This morning, two landlords and the Rental Housing Association of Washington filed a lawsuit in King County Superior Court challenging the City of Seattle’s “Fair Chance Housing” tenant-protection ordinance that prohibits the use of criminal records in selecting tenants.
The plaintiffs are represented by the Pacific Legal Foundation, a Bellevue-based law firm specializing in litigating conservative causes. PLF recently filed and won a case overturning the city’s “first in time” tenant-protection ordinance. The RHAWA is a membership association of landlords, and also provides a background-check service to its members.
The lawsuit filed today argues that the ordinance is unconstitutional on two grounds. First, that the prohibition on inquiring about a prospective tenant’s arrest record, conviction record, or criminal history is a violation of landlords’ free speech rights under the First Amendment of the US Constitution and the parallel language in the Washington State Constitution. The complaint refers to two U.S. Supreme Court decisions to make the point: from Board of Education vs. Pico, “the right to receive ideas is a necessary predicate to the recipient’s meaningful exercise of his own rights of speech, press, and political freedom.” And second, from Griswold vs. Connecticut, “the State may not, consistently with the spirit of the First Amendment, contract the spectrum of available knowledge.”
The lawsuit also argues that prohibiting landlords from using criminal records in making decisions on whom to rent to is a violation of landlords’ due process rights under the Fourteenth Amendment of the U. S. Constitution and the similar construct in the state Constitution. The stronger part of their argument here is the same one that carried the day in the First in Time lawsuit: that choosing whom to rent to is an inherent right of property ownership, and restricting that right is a government “taking” without due process or compensation, as per the Washington Supreme Court’s ruling in Manufactured Housing vs. State. The weaker part is their reliance on the notion that landlords have a legal responsibility to protect tenants from foreseeable criminal acts of third parties. The complaint quotes the state Supreme Court’s decision in City of Bremerton vs. Widell in suggesting that if a landlord may be held liable for not protecting tenants, “it would seem only reasonable that the landlord should at the same time enjoy the right to exclude persons who may foreseeably cause such injury.” The plaintiffs cite another state Supreme Court case, Griffin vs. West RS Inc. as the source of their claim that landlords do indeed have a duty to protect tenants from third parties; however, in that ruling the court explicitly declines to answer that very question. Also, the City of Bremerton vs. Widell case was about visitors to a rental housing site, not tenants, and the difference in relationship with the landlord may cause a judge to interpret the right to exclude someone differently.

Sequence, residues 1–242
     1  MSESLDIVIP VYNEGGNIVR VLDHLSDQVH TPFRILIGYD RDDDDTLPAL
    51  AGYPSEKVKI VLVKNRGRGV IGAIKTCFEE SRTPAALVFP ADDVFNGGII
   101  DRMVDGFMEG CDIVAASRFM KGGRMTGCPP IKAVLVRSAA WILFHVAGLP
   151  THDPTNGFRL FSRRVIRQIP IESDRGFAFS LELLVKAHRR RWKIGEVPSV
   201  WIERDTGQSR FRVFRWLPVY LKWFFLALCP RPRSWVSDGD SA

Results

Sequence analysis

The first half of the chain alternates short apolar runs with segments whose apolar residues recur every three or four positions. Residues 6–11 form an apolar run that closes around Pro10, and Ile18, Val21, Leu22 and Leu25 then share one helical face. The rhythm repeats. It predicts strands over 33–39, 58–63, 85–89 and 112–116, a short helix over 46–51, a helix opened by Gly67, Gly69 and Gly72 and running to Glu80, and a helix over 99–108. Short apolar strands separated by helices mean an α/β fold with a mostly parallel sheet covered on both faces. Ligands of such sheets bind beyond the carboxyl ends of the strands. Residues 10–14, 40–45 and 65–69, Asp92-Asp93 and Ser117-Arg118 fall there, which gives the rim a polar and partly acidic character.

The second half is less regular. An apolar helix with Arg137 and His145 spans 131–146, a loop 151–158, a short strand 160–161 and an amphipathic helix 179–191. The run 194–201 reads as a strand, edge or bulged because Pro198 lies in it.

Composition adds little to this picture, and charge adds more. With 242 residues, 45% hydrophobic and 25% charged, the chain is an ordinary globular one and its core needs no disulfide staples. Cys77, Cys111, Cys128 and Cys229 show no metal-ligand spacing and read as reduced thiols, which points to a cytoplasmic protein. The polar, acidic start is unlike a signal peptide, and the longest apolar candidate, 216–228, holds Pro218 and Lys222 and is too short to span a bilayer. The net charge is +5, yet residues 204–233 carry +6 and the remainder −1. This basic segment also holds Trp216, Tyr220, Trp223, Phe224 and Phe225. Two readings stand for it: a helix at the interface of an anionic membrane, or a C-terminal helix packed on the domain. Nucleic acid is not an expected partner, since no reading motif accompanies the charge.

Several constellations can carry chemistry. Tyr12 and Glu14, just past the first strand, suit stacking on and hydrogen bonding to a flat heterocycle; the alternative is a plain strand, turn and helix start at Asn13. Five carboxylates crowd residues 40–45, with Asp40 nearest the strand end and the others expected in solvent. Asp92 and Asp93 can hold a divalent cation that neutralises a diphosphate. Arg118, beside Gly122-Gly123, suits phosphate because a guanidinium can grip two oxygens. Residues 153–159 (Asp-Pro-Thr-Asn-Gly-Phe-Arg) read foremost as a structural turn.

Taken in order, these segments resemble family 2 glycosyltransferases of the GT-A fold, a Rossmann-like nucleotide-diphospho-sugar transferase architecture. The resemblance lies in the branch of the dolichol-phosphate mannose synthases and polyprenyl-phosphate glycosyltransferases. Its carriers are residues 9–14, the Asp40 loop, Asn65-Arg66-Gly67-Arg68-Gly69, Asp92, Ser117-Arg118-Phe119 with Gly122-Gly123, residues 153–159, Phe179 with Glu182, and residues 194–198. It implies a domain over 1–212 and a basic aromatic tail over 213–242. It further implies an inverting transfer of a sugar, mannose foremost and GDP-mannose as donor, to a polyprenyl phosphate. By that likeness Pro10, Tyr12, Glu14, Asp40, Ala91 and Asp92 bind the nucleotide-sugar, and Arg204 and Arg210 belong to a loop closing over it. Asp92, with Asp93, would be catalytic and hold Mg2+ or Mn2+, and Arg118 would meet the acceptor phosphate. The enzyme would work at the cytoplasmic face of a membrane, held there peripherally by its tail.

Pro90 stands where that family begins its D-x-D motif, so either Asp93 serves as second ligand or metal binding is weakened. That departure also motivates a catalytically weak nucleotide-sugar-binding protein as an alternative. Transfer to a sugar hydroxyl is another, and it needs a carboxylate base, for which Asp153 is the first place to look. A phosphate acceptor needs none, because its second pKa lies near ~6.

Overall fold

The plaintiffs are asking the court to declare that the Fair Chance Housing ordinance is unconstitutional, and to issue a permanent injunction forbidding the city from enforcing it. PLF’s Ethan Blevins says that they do not intend to seek a preliminary injunction.
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